When leaders feel like impostors

Dennis Sparks

A surprising number of us feel like impostors. Even people who appear confident and in charge may be experiencing what some have termed “the imposter syndrome.”

Those who suffer from it may appear to know what they are doing. They may appear confident, or even superbly confident. But deep inside they fear the moment when their incompetence will be revealed.

Here’s an example in which Ben Affleck describes what it felt like to direct his first movie, “Gone Baby Gone”: “I was very, very scared. I just didn’t know if I could do it. . . . And every day I was scared, and I probably stayed that scared throughout … and not sure of myself at all.”

So, if you sometimes feel like you have risen above your level of competence, here are some things you might do:

1. Admit it to yourself and to trusted confidants. Because this is a very common feeling, they are likely to disclose the same feelings to you, and together you will experience the relief of knowing that you’re not alone.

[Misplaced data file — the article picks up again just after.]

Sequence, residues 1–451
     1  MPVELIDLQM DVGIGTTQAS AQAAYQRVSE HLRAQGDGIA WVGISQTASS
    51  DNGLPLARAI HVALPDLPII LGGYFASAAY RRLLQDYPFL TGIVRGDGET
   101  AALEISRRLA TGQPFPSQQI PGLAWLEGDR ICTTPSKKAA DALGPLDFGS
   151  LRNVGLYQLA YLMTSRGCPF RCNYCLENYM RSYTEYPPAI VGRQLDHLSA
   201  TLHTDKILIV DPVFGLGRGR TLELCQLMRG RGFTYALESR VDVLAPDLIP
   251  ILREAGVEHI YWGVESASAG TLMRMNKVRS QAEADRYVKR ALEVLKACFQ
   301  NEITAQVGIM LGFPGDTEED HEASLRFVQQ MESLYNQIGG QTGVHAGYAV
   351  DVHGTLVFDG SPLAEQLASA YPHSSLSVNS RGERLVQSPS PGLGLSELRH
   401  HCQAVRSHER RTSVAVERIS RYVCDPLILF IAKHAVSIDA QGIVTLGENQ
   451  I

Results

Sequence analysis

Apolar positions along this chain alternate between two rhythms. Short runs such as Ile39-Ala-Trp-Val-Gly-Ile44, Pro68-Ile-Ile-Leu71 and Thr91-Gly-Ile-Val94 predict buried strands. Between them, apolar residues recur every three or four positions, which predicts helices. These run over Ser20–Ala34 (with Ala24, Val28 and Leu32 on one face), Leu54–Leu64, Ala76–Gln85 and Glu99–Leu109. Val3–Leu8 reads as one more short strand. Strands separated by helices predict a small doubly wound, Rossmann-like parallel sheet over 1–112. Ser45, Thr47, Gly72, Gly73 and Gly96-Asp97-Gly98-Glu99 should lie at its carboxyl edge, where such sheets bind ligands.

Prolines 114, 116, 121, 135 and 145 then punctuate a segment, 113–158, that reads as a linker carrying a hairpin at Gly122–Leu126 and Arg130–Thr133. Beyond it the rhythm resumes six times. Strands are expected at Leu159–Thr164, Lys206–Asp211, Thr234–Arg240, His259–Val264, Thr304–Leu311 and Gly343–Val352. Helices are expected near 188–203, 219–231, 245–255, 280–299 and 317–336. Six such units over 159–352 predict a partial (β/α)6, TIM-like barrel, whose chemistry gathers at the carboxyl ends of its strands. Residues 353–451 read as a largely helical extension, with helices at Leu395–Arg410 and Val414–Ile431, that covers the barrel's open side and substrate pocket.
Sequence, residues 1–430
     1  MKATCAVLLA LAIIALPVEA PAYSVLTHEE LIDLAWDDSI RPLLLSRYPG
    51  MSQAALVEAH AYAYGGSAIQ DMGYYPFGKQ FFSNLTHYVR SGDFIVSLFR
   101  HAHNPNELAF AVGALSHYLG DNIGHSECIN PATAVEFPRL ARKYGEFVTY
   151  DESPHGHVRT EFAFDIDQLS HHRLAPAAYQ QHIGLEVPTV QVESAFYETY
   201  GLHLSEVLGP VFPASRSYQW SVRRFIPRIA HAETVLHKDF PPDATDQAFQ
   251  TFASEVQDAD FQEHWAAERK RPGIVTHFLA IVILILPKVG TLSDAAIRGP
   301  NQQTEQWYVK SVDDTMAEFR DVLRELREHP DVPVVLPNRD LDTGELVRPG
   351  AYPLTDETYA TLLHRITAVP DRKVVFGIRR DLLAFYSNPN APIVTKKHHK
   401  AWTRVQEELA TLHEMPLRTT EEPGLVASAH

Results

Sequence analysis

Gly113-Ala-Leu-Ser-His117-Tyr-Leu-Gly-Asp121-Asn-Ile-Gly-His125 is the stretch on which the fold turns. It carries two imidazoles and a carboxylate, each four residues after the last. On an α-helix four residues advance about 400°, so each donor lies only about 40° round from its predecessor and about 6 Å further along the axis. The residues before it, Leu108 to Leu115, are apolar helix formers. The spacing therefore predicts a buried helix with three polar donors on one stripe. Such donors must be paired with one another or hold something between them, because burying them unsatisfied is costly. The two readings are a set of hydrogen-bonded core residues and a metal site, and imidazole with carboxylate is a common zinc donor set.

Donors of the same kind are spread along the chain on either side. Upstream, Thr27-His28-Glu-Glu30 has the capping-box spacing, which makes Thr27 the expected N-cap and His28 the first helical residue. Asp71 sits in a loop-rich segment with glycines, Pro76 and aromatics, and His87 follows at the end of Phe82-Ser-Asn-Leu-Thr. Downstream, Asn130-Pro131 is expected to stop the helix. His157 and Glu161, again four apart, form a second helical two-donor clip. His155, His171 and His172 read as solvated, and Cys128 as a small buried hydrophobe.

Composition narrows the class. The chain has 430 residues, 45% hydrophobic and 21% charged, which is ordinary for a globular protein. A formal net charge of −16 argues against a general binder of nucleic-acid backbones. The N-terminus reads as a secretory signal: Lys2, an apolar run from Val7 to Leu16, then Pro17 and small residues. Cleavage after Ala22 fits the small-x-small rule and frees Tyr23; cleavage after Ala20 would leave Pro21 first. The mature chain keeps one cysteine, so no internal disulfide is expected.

2. Read what experts have to say about the syndrome and what can be done to address it.

3. In those small number of areas in which there may be reality-based knowledge or skill deficits, engage in the process of professional learning to remedy the deficits.

Question: What strategies have you used to counteract the impostor syndrome when you feel it arising within you?

2 Responses to “When leaders feel like impostors”

  1. 1 Jane Kise (@JaneKise) January 31, 2013 at 8:15 am

    This is very real for me and most of the colleagues I’ve had heart-to-hearts with about it. I remind myself that it’s usually the teachers who keep asking to have me return for more professional development work. In other words, I have a short list of tangible evidence that I’m having an impact.

    • 2 Dennis Sparks January 31, 2013 at 8:18 am

      You added an important strategy to address the imposter syndrome, Jane – seeking evidence to the contrary that demonstrates our effectiveness. Thanks for your comment!

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